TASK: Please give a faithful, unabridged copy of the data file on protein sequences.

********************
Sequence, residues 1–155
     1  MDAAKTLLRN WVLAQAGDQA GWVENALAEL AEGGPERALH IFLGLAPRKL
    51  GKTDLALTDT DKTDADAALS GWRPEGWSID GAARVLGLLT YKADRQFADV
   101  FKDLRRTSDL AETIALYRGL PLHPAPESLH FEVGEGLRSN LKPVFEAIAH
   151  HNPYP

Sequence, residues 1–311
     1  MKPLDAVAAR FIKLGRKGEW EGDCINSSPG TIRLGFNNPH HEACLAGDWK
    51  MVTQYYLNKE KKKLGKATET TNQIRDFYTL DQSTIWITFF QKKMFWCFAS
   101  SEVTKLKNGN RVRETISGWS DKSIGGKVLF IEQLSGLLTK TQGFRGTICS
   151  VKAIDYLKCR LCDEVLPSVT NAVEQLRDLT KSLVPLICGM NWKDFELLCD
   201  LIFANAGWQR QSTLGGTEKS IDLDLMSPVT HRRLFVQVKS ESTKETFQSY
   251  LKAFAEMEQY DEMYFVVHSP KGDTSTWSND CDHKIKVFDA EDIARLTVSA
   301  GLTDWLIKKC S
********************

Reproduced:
Sequence, residues 1–155
     1  MDAAKTLLRN WVLAQAGDQA GWVENALAEL AEGGPERALH IFLGLAPRKL
    51  GKTDLALTDT DKTDADAALS GWRPEGWSID GAARVLGLLT YKADRQFADV
   101  FKDLRRTSDL AETIALYRGL PLHPAPESLH FEVGEGLRSN LKPVFEAIAH
   151  HNPYP

Sequence, residues 1–311
     1  MKPLDAVAAR FIKLGRKGEW EGDCINSSPG TIRLGFNNPH HEACLAGDWK
    51  MVTQYYLNKE KKKLGKATET TNQIRDFYTL DQSTIWITFF QKKMFWCFAS
   101  SEVTKLKNGN RVRETISGWS DKSIGGKVLF IEQLSGLLTK TQGFRGTICS
   151  VKAIDYLKCR LCDEVLPSVT NAVEQLRDLT KSLVPLICGM NWKDFELLCD
   201  LIFANAGWQR QSTLGGTEKS IDLDLMSPVT HRRLFVQVKS ESTKETFQSY
   251  LKAFAEMEQY DEMYFVVHSP KGDTSTWSND CDHKIKVFDA EDIARLTVSA
   301  GLTDWLIKKC S